Splunk Lays Off 1% Of Its Workforce Despite New Cloud Business “Going Through The Roof”

At the beginning of June, Splunk Inc. CEO Doug Merritt spoke about the future of the company, stating he wasn't in the position to commit to zero layoffs, as other CEOs like Salesforce's Marc Benioff had.

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Now, the company has announced it is cutting 70 of its 5,800 positions despite declaring its new cloud business is "going through the roof." This accounts for 1% of its current workforce.

Splunk has experienced massive growth in its cloud-based data analytics business as it transitions to new accounting standards. First quarter revenue increased 2% from a year ago, putting it up to $434 million.

The layoffs see Splunk join a number of other tech companies cutting staff and spending as the COVID-19 pandemic continues to wreak havoc on businesses.

Splunk's shares have recovered over the past few months, with investors betting on continued demand for software despite the slowing economy. However, this kind of pressure has placed significant weight on corporations across the industry to improve productivity, efficiency, and profitability, leading to layoffs.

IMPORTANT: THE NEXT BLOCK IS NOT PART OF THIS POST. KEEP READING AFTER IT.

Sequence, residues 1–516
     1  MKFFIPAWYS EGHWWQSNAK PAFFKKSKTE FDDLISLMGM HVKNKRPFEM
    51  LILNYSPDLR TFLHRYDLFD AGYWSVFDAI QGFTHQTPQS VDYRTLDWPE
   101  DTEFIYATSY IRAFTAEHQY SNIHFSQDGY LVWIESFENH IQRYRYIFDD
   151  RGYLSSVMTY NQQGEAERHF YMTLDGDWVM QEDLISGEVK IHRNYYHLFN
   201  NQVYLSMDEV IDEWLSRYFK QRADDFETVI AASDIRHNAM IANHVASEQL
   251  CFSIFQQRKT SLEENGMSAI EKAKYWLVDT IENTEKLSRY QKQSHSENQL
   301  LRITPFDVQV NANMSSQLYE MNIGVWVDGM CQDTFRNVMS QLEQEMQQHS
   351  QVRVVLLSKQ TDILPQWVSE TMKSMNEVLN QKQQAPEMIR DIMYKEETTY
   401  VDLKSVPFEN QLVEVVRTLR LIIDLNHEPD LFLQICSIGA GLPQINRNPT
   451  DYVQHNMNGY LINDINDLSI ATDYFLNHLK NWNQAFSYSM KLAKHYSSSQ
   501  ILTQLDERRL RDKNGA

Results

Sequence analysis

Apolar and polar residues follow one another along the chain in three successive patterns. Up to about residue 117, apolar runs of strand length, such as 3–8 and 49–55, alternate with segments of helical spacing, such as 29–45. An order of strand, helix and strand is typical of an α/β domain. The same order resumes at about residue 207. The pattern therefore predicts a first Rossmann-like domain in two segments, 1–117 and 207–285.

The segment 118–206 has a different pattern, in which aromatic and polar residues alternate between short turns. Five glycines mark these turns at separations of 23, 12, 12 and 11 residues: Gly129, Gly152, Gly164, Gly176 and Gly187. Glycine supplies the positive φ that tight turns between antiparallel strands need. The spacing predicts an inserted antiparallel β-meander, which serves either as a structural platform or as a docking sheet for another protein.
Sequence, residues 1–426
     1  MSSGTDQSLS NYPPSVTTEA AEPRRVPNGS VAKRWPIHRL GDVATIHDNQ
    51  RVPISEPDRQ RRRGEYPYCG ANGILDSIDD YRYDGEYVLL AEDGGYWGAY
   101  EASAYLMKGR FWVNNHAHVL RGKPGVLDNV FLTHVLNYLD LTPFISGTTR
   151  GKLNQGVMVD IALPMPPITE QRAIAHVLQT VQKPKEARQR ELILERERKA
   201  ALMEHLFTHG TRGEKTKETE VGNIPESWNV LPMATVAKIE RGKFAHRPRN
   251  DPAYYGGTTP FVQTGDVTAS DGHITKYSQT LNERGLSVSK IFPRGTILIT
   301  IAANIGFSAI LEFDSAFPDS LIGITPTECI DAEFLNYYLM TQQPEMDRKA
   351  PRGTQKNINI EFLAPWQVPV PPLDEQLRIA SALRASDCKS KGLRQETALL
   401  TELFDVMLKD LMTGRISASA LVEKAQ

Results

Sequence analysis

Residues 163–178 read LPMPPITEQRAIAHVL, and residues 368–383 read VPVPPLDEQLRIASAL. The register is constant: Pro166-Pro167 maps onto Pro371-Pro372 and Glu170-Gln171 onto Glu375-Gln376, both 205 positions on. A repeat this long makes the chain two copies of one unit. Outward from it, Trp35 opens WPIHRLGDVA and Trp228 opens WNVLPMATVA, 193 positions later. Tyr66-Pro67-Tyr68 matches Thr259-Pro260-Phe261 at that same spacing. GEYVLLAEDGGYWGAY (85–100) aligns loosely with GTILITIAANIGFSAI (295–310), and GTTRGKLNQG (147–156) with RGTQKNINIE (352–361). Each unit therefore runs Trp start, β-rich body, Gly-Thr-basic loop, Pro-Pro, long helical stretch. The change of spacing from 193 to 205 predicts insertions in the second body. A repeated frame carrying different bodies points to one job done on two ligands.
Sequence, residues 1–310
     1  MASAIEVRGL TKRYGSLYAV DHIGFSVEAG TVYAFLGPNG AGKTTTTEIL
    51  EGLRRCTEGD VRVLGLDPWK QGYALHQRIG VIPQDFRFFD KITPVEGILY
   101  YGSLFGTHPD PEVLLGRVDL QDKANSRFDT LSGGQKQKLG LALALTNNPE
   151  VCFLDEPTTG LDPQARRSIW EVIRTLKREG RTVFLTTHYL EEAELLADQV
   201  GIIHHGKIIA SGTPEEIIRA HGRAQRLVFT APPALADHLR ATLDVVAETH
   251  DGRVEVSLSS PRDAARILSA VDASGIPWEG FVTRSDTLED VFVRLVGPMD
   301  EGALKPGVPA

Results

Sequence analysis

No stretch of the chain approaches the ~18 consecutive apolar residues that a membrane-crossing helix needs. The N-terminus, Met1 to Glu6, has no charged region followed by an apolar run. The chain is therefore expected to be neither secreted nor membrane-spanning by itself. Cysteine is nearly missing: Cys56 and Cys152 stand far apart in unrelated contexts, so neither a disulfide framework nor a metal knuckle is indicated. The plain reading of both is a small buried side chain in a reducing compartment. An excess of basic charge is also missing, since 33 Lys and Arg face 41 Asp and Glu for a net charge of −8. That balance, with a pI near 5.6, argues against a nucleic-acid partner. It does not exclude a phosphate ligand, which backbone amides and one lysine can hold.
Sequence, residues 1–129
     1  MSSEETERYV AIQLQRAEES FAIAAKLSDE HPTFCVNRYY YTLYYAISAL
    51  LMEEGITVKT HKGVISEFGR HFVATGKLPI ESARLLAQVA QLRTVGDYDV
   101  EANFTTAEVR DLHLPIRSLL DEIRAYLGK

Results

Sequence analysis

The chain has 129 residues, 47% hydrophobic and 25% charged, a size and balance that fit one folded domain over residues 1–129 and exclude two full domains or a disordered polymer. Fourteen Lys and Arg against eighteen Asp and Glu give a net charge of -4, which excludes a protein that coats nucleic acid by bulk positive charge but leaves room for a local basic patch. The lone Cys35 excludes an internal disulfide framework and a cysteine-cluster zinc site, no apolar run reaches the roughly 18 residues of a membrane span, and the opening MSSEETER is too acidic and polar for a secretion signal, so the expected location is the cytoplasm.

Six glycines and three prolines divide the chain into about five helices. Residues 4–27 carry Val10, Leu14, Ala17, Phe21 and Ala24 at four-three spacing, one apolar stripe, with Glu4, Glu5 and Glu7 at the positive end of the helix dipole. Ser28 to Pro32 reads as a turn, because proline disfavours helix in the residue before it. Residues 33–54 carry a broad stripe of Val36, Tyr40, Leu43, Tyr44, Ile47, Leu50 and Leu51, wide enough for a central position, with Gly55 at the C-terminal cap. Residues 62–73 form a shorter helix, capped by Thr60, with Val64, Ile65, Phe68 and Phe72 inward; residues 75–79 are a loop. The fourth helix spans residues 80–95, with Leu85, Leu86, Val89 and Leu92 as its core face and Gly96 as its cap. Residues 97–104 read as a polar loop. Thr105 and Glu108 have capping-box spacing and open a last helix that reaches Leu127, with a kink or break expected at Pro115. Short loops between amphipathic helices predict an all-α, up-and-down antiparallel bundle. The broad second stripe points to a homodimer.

During an earnings call, Merritt shed some light on the company's current position. "Customers across all sectors are trying to understand the economic impact of the current COVID-19 business environment," he conceded. "As a result, signed contracts this quarter tended to be shorter in duration, going from 34 months in Q4 to 27 months in Q1. We see this being especially prominent in sectors hardest hit by the crisis like retail, hospitality, and travel."

In an interview with Silicon Valley Business Journal, the executive expressed a desire to grow the company's headcount.

"I still believe that we'll wind up with a bigger company in all ways at the end of the calendar year 2020 versus what we entered calendar 2020," he said at the beginning of June. "Through Q1, that looks like the right decision as people are moving all digital really quickly and really dependent on IT infrastructure to actually work and cybersecurity resiliency and try and make sense of the data."

According to, 519 tech startups have laid off nearly 70,000 employees since March. The most recent company to lay off a significant portion of its staff is construction startup Katerra, who laid off over 400 employees one month after Paal Kibsgaard stepped in as CEO.